|Major Industry||Food, Beverage, Tabaco, Steel, Petroleum, Mining industry|
|Under - five mortality rate||15/1,000|
|Population with access to improved water sources||Urban: 96% Rural: 91%|
|Average life expectancy||78 years old|
|Gross National Income (GNI) per capital||USD 9,940|
|Population living on less than USD 1,25 per day||1%|
|Youth of literacy rate||Male: 99% Female: 99%|
|Child labor||Male: 7% Female: 5%|
Source: THE STATE OF THE WORLD'S CHILDREN 2015/UN DATE
The EYE SEE Workshop in August 2015 was organized by indigenous people's communities in Toluca, one of Mexico's provincial capitals, and was attended by 22 children from ages 8 to 16.
In Central and South America, Mexico has the highest economic growth rate after Brazil. In Mexico, there are nearly 25,000 indigenous peoples, whose story is told through photographs taken by the children.
"We indigenous people have a lot of tradition and values." "I think if people knew more about us, there would be no more inequality, and we would have more opportunities", says Gabriela Francisco Florentino, 12-year-old girl, participated in the workshop.
Although they live in an environment close to modern facilities and basic social services, in the countryside and cities, there is a lot of discrimination. Most indigenous peoples live in the countryside without access to electricity, clean water and social services like education.
Against this background, the purpose of this Workshop was to try to give these children various rights to participate in society. In the Workshop, children got to talk to each other, and as themes they wanted to express through photos, they chose poverty, disability, teenage pregnancy, child labor, traditional culture and sports. One of the topics they chose most often was "poverty".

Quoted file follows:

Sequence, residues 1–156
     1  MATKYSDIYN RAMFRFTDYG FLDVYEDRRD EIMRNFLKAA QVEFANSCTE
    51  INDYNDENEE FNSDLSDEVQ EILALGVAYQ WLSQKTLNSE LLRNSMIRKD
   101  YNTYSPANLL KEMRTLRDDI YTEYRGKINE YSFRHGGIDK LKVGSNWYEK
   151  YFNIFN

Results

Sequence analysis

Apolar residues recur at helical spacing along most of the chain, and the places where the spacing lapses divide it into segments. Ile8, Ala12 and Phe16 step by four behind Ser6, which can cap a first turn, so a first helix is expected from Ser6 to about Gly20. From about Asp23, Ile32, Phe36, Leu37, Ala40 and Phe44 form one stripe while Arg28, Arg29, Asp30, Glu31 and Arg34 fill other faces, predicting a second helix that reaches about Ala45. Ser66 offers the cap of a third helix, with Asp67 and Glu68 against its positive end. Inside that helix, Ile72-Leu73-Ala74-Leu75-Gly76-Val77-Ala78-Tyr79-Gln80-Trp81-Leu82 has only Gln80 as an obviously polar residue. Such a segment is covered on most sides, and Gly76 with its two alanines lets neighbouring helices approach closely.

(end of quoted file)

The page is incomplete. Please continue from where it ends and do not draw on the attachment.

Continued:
"It is very sad to know that some people have nothing to eat. Sometimes my family also have to search for food among the trash", said 10-year-old workshop participant Antonio Gonzalez.
Some children showed strong interest in taking photographs of sports, and while they were taking photos during the Workshop, they also enjoyed playing sports. The children believed that sports is an essential part of their growing-up. There are photos showing children having fun while getting wet in fountains, and others showing participants climbing walls in sports facilities.
"The main players in this Workshop are children who, while from diverse backgrounds, have the weakest social position in Mexico. The themes they tackled and the pictures they took speak of freedom and sensitivity, and show the richness of their diversity", says photographer and Workshop teacher Giacomo Pirozzi. "Through these pictures, the children tell us what they are feeling, and about their daily lives".
(Implementation of the workshop : 2015)
All images ©UNICEF/G.Pirozzi